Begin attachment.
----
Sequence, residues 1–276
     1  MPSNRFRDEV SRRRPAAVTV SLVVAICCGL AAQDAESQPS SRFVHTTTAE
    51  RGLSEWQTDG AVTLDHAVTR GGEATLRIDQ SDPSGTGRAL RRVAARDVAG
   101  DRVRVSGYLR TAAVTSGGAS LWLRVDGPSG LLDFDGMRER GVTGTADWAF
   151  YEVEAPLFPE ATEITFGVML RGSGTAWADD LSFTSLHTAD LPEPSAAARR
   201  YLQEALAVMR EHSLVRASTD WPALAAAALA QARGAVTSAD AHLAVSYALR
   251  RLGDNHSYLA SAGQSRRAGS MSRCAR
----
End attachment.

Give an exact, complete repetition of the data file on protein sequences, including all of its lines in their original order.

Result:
Sequence, residues 1–276
     1  MPSNRFRDEV SRRRPAAVTV SLVVAICCGL AAQDAESQPS SRFVHTTTAE
    51  RGLSEWQTDG AVTLDHAVTR GGEATLRIDQ SDPSGTGRAL RRVAARDVAG
   101  DRVRVSGYLR TAAVTSGGAS LWLRVDGPSG LLDFDGMRER GVTGTADWAF
   151  YEVEAPLFPE ATEITFGVML RGSGTAWADD LSFTSLHTAD LPEPSAAARR
   201  YLQEALAVMR EHSLVRASTD WPALAAAALA QARGAVTSAD AHLAVSYALR
   251  RLGDNHSYLA SAGQSRRAGS MSRCAR